Good day to all of you.  I am sitting in my Garage Studio with my eyes half-shut!  I slept 12 hours last night, but only 3 the night before.  It has caught up with me on this gorgeous sun-washed Sunday afternoon.  What a tragedy.  Friday’s humanities class at my high school was an absolutely magnificent moment for me, though we also had plenty of laughs, reviewing for an exam that showed the students didn’t absorb nearly what I had hoped for them.  But Friday afternoon left me awash in desires to explore Kant, Rousseau and some of the Neo-Classical painters, which I did.  Then the urge hit late, late Friday night to do the foundational work on this full-size Ridglea Theater watercolor.  I retired to bed at 3 a.m., but rose again at 6, and went back after it.  Following that was a band rehearsal (we have an engagement in a week), then more work on the watercolor, and then a late Saturday night.

My third cup of coffee isn’t doing it for me.  I’ve been reading extensively from Rollo May’s book on Paul Tillich, titled Paulus: Reminiscences of a Friendship.  Here is a portion of the text that resonates with me right now:

Such intensity of consciousness is a real problem.  One cannot have peak experience all the time, nor does anyone want to.  Hence the infusion of Hindu meditation in our culture to give a constructive tone to solitude and to stop the machinery for a little while.  Alcohol also serves to do this; it is a requirement, as Harry Stack Sullivan put it, of an industrial civilization, where it sets up a state of a partial withdrawal from the mechanical pressure. 

So.  I’m pursuing neither Hindu meditation or alcohol.  Just reading, journaling, listening to the gentle breezes outside my open garage door, and chipping away further at this Ridglea Theater watercolor.  It is a most beautiful day out, and I am “amost” out, sitting 10 feet inside my open garage door with the sun beside me, jazz music playing on my stereo, Paul Tillich’s ideas surging through my being, and a watercolor emerging beneath my excited brush.

Hopefully, I’ll post more later today.  Thanks for reading.

Downtown Fort Worth Musings

October 19, 2011

Ghosts of Sundance Square

I’m still working to finish a pair of Harley watercolors, that I’ve already posted.  Today’s schedule was too full for me to get in some real quality painting time.  I’m posting this picture, because of my afternoon spent rhapsodizing over the downtown Fort Worth vistas.  Here are the remnants of what used to be Red Goose Shoes and the Sundance 11 Theater.  My history with Fort Worth extends only as far back as 1977, and I love to hear stories of these business establishments from locals who knew these places during their viable years.  Hats off to memories that matter, and to those of you who keep them alive.  I’m hoping that my near future will witness the painting of the Flat Iron building on the south side of Fort Worth, and the Ridglea Theater, now being restored on Camp Bowie Blvd., in far west Fort Worth.  Stay tuned.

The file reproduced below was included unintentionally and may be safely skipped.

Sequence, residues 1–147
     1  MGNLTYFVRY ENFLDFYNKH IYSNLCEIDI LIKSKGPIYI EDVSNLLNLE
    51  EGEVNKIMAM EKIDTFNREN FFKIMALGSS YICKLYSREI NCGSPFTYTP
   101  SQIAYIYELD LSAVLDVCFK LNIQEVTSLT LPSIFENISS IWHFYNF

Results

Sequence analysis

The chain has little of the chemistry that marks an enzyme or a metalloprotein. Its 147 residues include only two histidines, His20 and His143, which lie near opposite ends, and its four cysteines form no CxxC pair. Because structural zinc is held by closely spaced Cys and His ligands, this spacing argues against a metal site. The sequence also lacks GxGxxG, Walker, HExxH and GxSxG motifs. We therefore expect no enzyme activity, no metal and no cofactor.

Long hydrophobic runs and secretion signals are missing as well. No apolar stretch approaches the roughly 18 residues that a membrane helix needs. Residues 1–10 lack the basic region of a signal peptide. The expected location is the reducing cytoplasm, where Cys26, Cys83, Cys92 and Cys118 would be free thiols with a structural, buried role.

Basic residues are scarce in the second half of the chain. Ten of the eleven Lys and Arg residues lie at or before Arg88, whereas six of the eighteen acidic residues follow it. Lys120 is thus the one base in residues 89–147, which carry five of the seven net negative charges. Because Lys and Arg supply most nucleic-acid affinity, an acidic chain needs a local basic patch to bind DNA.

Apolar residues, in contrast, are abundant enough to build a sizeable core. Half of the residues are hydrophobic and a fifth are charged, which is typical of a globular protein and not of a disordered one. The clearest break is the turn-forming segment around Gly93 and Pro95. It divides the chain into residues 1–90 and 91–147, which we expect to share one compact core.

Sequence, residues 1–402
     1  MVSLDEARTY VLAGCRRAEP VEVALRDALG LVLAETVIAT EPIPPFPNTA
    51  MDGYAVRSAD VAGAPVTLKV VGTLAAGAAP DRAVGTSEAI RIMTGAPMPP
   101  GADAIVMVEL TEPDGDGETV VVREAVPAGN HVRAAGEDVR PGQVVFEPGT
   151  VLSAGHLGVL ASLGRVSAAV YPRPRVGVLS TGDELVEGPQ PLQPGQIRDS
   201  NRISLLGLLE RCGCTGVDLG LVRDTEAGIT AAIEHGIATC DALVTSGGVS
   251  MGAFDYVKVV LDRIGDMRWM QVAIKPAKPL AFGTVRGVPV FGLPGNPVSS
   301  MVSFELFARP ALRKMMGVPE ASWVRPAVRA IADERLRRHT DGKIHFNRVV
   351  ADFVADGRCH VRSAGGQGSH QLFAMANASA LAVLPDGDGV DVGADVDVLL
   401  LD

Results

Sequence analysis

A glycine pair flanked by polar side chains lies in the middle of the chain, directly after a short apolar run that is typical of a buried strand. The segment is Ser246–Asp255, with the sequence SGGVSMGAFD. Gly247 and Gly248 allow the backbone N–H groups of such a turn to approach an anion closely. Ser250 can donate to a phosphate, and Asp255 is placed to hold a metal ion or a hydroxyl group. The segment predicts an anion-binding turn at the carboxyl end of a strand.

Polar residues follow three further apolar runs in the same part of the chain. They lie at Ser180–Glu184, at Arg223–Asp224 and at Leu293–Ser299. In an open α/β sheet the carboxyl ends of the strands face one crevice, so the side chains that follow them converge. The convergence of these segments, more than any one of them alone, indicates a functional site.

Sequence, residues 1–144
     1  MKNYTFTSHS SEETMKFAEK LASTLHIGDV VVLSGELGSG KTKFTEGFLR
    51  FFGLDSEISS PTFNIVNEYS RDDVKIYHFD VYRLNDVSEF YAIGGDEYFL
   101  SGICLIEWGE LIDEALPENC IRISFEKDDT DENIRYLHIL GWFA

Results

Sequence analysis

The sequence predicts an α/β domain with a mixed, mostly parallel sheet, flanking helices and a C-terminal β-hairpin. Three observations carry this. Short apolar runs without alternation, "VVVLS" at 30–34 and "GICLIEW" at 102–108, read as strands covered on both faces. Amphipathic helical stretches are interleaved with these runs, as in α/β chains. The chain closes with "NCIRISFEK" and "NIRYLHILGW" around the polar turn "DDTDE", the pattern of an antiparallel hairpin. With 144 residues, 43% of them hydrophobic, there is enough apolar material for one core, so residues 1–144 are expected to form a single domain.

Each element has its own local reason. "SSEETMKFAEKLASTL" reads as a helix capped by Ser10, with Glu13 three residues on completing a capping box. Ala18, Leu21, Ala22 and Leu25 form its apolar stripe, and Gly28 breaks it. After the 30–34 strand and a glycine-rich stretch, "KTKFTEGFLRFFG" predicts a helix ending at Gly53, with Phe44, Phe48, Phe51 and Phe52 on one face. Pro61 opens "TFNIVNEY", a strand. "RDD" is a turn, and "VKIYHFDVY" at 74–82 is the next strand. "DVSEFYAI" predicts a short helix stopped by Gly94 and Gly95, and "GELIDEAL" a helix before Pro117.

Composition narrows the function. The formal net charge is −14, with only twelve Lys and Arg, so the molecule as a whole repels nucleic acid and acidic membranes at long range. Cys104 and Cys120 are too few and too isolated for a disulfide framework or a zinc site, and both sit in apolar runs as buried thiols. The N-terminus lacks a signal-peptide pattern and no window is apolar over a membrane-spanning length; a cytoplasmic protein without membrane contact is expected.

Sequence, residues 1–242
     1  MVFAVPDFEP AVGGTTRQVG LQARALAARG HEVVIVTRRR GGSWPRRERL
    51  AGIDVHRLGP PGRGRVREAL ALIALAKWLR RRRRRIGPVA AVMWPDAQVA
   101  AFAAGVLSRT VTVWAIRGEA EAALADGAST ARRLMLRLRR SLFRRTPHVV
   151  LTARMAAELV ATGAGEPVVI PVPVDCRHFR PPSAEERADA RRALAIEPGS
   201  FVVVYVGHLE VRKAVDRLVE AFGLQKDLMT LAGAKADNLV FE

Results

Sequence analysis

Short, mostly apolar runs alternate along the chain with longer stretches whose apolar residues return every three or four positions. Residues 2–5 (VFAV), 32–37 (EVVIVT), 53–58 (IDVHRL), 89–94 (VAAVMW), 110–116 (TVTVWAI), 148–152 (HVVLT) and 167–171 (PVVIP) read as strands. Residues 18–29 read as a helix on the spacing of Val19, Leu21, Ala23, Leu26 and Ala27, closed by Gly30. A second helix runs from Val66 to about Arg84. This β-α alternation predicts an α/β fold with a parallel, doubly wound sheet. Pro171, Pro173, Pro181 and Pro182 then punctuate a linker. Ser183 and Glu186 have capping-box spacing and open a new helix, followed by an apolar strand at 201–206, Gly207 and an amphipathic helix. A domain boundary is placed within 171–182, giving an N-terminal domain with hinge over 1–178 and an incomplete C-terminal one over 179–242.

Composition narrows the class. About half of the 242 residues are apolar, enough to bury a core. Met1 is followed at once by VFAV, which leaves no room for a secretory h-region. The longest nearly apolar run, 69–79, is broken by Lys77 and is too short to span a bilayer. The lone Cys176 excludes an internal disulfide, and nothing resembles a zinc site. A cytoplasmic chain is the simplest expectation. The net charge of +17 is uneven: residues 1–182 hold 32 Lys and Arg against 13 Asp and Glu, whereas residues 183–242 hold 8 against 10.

Thanks for reading.

Attempting Watercolor Plein Air over Dinner

October 2, 2011

Historic Ridglea Theater on Camp Bowie Blvd., Fort Worth, Texas

It has been days since I last posted to the blog.  I participated in the Fort Worth Music Festival, which took me away from my work Thursday through Saturday.  Today, Sunday, was my decompression day.  Though weary from the festival exertion, I chose to spend most of my day at the Fort Worth Modern Art Museum and the Kimbell Art Museum.  The Richard Diebenkorn Ocean Park Series has just opened at the Modern–an enormous show.  I have seen it twice now, and still cannot absorb what is going on in all those galleries.  What a marvelous body of work.  I purchased the museum catalogue and hope to find some quality reading time in the days ahead.  I really want to know more about Diebenkorn’s approach to abstraction.

When the museums closed, I decided it was time to eat, and preferred to be seated outdoors.  La Madeleine (French cafe) on the west side of Fort Worth was an excellent choice.  I thought I would sit outside, and while lingering over Caesar salad and tomato basil soup, see if I could get in some good work with the Diebenkorn publication.  But the slanting light of the western sun was exquisite on the historic Ridglea Theater across the street, and I found myself fishing watercolor supplies out of my shoulder bag, and before I knew it, I was attempting a sketch of this edifice once again.  There are a few things I like about this attempt that I haven’t been able to capture in earlier endeavors, most particularly the popping red colors of the sign letters facing away from the viewer on the left side of the tower.  I found a little more satisfaction with the brickwork on the tower as well.  This will certainly not be my last attempt to capture the Ridglea on paper.

Thanks for reading.

Lingering Ghosts of Sundance Square

September 8, 2011

Lingering Ghosts of Sundance Square

Marcel Proust reminds us in his Remembrance of Things Past that the mere sight, sound or smell of something has the power to transport us back to primal memories from our childhood that fill us with warmth and gratitude.  These are the kinds of subjects I attempt to capture in watercolor for my company that I have named Recollections 54 (http://www.recollections54.com).  This past summer, while cruising Sundance Square one morning, I saw how the sun washed the yellow, blue and red facades of the Red Goose Shoe store and what used to be the Sundance 11 theater.  Though saddened by the demise of these companies, I felt at the same time a gratitude for the memories that flooded my being.  Having grown up in St. Louis, I watched the Red Goose Shoes commercials on children’s television and fantasized about the golden eggs filled with prizes available with the purchase of a pair of shoes.  I also recall the abundance of art deco theaters that I frequented in the greater St. Louis area during those early years.  Now they are mostly gone.  When I encounter sights such as these, I linger in the moment, feeling that profound sense of loss, but also an exhilarating presence.  The memories matter, and they leave me with a comfort too profound for words.

Thank you for reading.  My One-Man Show opens Saturday night from 5:00-9:00 at the Weiler House Fine Art Gallery, 3126 Handley Drive, Fort Worth 76112.  I would love to see you there.  Currently, we have about forty watercolors at the location, ready for showtime.